In the Operating Room, Rock Is What the Doctor Ordered, Says Spotify

August 1, 2017, 5:15 PM UTC

The doctor will see you now—and rock you like a hurricane.

According to research from Spotify and Figure 1, a knowledge-sharing platform for healthcare, rock is the most popular musical genre for surgeons in the operating room. Preferred by 49% of knife-wielding doctors, the high-adrenaline music narrowly beat out pop (48%) and classical (43%), while the more relaxing jazz (24%) and R&B (21%) rounded out the top five.

In addition, not just any ol’ rock will do. Spotify says that 89% of doctors put on their own playlists over albums. Top tracks include Eric Clapton’s “Cocaine,” “Beautiful Day” by U2, “Piece of My Heart” by Janis Joplin, and the Scorpions’ “Rock You Like a Hurricane.” Spotify has even curated its own playlist of hot hospital tracks.

That doctors queue up familiar favorites should come as no surprise. “I listen to bands from my youth and the feeling of nostalgia brings me to a calm, focused place.” says New York City-based transplant surgeon Dr. Alan I. Benvenisty. “People’s lives are in my hands and listening to rock puts me in a comfortable place so my full attention is on my patients.”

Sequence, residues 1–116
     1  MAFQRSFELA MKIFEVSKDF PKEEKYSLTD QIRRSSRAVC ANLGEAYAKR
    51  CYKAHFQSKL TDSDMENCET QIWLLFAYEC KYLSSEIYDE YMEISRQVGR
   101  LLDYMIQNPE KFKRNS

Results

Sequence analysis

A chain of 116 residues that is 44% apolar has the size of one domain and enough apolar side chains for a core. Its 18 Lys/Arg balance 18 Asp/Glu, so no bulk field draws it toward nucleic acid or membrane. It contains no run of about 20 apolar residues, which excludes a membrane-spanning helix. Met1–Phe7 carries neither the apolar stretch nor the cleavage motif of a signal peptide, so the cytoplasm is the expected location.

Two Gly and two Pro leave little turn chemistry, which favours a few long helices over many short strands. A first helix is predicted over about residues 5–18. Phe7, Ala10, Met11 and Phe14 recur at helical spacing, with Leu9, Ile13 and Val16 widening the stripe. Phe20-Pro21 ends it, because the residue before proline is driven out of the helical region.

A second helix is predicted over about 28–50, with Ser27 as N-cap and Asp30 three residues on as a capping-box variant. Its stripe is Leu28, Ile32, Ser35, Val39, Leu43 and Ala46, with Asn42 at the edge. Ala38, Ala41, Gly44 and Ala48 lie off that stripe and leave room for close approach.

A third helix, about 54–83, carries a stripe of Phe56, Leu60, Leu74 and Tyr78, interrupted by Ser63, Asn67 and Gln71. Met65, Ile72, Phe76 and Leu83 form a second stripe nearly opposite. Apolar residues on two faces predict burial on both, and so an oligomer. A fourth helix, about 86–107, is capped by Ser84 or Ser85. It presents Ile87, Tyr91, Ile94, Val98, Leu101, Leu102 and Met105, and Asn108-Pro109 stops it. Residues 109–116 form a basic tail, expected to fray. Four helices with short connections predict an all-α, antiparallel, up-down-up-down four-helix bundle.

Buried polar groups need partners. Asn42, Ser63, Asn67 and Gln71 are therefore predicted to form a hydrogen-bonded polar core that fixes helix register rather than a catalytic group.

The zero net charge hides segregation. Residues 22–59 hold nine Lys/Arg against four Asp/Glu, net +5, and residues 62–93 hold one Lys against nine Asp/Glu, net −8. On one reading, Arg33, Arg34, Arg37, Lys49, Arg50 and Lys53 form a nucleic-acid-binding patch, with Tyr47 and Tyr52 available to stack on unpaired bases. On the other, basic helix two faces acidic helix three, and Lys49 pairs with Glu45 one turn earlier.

Get Data Sheet, Fortune’s technology newsletter.

The survey of approximately 700 medical professionals revealed other interesting operating room insights. For instance, anesthetists prefer pop to rock (59% to 44%) when putting patients under.

But if you’re awake—maybe delivering a baby via C-section—don’t expect to rock out to Guns N’ Roses “Sweet Child O’ Mine” just because of doctor’s orders. One benefit of streaming music on demand is that millions of songs are at the ready. “If they have a preference we go with what they want,” said one survey respondent. “If not, we have fun with it and play name that tune from old TV shows, old songs, etc.”

So, next time you head in for surgery, you may want to make a request in advance: No “Stairway to Heaven,” please.

Read More

Artificial IntelligenceCryptocurrencyMetaverseCybersecurityTech Forward